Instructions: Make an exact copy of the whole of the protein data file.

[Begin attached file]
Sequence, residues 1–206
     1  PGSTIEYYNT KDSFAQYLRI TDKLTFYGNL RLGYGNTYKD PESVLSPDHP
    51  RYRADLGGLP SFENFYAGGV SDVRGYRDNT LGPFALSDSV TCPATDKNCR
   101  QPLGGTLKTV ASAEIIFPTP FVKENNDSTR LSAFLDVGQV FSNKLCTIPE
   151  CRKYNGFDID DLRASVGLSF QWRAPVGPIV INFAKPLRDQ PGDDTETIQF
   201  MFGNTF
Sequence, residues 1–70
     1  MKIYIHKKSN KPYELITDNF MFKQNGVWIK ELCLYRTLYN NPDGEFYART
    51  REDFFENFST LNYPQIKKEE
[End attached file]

Sequence, residues 1–206
     1  PGSTIEYYNT KDSFAQYLRI TDKLTFYGNL RLGYGNTYKD PESVLSPDHP
    51  RYRADLGGLP SFENFYAGGV SDVRGYRDNT LGPFALSDSV TCPATDKNCR
   101  QPLGGTLKTV ASAEIIFPTP FVKENNDSTR LSAFLDVGQV FSNKLCTIPE
   151  CRKYNGFDID DLRASVGLSF QWRAPVGPIV INFAKPLRDQ PGDDTETIQF
   201  MFGNTF
Sequence, residues 1–70
     1  MKIYIHKKSN KPYELITDNF MFKQNGVWIK ELCLYRTLYN NPDGEFYART
    51  REDFFENFST LNYPQIKKEE